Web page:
As the assault of stress increases, the workload burden on our metabolic circuits increases as well. The three metabolic circuits – metabolism, detoxification, and inflammation – go into overdrive. If stress is unrelenting, these circuits eventually reach their maximum workload in this stage. Further burden triggers metabolic dysregulation, evidenced by dyslipidemia and central obesity, for example.
As our metabolic circuits get close to or reach capacity in this stage, the marginal benefit decreases. Metabolic dysregulation may begin if the metabolic circuits are not given proper rest and rebuilding time. The body recognizes this and calls upon the neuroendocrine system into action – as stage 2 progresses. This work is the responsibility of the HPA hormonal axis. Starting in the brain and ending in the adrenal glands, the anti-stress hormone cortisol output rises and reaches its peak as the HPA axis is put on overdrive to help the metabolic circuits which are reaching maximum capacity. The HPA axis will drive more cortisol output from the adrenal glands to reduce inflammation and generate energy from within. With regard to neuroendocrinological factors, the body is in stage 2 of Adrenal Fatigue Syndrome, also called Resistance Response.
Clinical symptoms of fatigue in this stage are mild to moderate. Fatigue becomes more frequent. Weekends can be spend at home recuperating. Strong willed sufferers will continue to demand top performance from their body as they refuse to slow down and rest. Many start to come home drained after a full day’s work. This process can go on for years or decades. The body’s nutritional reserve reduces as its resiliency starts a subtle downhill pattern.
Stage 3 – NEM Response Exhaustion:
Unrelenting burden resulting in metabolic dysregulation and HPA axis overdrive cannot go on forever. Our metabolic, detoxification and inflammation circuits have exceeded their functional capacity in this stage. They are overwhelmed and become dysfunctional. In other words, our stress defense system starts to break down from overwork.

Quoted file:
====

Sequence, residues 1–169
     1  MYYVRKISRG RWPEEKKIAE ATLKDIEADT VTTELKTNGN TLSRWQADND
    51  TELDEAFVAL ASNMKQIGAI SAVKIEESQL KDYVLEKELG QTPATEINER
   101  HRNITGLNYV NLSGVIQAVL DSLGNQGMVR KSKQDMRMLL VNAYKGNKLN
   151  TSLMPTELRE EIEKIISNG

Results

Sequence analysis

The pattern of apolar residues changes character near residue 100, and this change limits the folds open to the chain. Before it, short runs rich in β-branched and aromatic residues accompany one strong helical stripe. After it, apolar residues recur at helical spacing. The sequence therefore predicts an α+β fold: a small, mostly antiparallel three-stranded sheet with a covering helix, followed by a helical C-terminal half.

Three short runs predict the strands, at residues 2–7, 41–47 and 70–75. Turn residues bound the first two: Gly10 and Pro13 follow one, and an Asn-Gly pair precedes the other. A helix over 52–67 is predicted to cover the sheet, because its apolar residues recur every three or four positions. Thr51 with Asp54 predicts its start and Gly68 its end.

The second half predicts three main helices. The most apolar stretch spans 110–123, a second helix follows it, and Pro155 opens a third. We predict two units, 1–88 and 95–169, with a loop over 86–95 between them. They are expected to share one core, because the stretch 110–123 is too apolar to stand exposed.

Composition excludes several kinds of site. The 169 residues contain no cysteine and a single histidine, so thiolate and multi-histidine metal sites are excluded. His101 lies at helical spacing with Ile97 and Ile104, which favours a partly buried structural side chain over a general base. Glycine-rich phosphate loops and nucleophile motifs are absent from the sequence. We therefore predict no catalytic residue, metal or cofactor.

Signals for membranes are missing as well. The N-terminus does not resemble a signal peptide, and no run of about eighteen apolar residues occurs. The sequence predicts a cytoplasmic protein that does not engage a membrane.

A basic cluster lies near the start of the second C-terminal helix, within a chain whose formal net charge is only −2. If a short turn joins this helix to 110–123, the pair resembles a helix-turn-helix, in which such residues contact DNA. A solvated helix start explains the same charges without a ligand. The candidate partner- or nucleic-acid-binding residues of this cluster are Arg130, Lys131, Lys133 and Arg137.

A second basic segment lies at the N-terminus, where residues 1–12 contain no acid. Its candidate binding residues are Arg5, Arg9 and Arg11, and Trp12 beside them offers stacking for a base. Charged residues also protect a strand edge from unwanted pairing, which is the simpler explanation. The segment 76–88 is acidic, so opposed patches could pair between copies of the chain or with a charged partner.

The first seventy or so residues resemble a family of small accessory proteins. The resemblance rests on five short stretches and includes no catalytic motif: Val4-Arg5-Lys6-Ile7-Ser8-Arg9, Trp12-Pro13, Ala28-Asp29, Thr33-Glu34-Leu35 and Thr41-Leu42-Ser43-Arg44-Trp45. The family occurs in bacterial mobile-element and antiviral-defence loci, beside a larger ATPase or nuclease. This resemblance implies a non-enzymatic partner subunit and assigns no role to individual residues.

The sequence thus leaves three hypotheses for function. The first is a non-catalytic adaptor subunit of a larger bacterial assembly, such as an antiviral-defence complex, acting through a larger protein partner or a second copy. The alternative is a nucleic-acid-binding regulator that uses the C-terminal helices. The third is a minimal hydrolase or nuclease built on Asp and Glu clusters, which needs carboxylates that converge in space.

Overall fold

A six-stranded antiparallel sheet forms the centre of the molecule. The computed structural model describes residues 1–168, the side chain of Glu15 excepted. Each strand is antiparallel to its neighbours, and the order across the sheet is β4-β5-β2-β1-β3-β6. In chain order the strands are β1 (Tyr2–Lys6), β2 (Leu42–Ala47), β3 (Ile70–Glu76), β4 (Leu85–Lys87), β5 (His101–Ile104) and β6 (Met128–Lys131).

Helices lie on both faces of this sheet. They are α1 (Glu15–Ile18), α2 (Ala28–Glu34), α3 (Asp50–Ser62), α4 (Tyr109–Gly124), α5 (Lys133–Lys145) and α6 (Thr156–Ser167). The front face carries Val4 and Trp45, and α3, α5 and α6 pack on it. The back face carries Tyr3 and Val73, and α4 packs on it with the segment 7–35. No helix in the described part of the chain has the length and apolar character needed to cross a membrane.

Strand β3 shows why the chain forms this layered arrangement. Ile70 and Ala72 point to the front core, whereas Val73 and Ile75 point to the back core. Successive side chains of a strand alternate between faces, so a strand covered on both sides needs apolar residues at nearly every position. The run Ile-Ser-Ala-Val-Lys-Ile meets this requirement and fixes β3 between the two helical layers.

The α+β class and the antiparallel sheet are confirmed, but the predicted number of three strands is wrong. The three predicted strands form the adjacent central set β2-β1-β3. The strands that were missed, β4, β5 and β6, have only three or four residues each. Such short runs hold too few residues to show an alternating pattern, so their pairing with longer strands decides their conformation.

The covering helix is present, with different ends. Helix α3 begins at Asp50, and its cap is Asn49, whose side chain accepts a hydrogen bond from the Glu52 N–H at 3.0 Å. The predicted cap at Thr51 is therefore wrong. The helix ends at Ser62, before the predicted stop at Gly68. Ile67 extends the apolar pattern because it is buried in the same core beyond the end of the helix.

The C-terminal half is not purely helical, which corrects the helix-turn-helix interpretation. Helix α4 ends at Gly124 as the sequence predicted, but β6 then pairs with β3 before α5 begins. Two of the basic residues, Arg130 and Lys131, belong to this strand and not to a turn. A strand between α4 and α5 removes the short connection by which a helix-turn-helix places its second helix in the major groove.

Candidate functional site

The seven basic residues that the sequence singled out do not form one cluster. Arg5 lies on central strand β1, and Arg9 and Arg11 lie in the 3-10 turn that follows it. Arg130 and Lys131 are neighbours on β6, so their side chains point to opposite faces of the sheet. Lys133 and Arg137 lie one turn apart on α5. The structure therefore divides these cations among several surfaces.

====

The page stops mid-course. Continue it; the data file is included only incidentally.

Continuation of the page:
If stress is not resolved or at least put under control, the entire NEM response stress continuum enters the exhaustion phase. The body enters stage 3 of adrenal fatigue from a neuroendocrine perspective. Metabolically, the body enters a state of metabolic exhaustion. This stage is perhaps the most dangerous because the velocity of decline can be fast. Fatigue crashes start to be more debilitating as both neuroendocrine and metabolic problems surfaces.
From the neuroendocrine perspective, the body enters a state of hormonal dysregulation beyond the HPA axis. In the female, the OAT axis becomes disturbed. In the male, the AT hormone axis can be damaged. The four phases of adrenal exhaustion (also called neuroendocrine exhaustion or stage 3 adrenal fatigue) take their toll on the body as vitality reduces. Symptoms of neuroendocrine derangement become more severe, including dysmenorrhea, brain fog, anxiety, and reactive hypoglycemia. Our autonomic nervous system will start to flood the body with norepinephrine and adrenaline to prepare us for the “flight or fight” response. The reproductive system will slow down as energy is channeled towards our brain to keep us on full alert in preparation of surviving the worst case scenario. Such neuroendocrine response, utilizing the hormone, cardionomic and neuroaffective circuits, becomes overpowering and overshadows the still ongoing metabolic response. It rises to the forefront – similar to the front line marines landing to establish a beachhead as the battle begins. Symptoms becomes more severe, with reactive hypoglycemia, anxiety, insomnia, and increasing fatigue becoming most bothersome.
Metabolically, the body experiences reactive hypoglycemia, food sensitivities, frequents infection, bloating, and irritable bowel – all signs of a unhappy metabolic system within.
Reactive sympathetic overtone and reactive sympatho-adrenal response rule the day as the body comes under full control of the catecholamine – the last resort. Metabolically, metabolic dysregulation of earlier stages progresses now to metabolic exhaustion. The body is unable to keep up with the detoxification process; it becomes more and more inflamed as the progression worsens. Reactive metabolite overload becomes a problem, and the body enters a reactive metabolite response that can be extremely harmful and negative.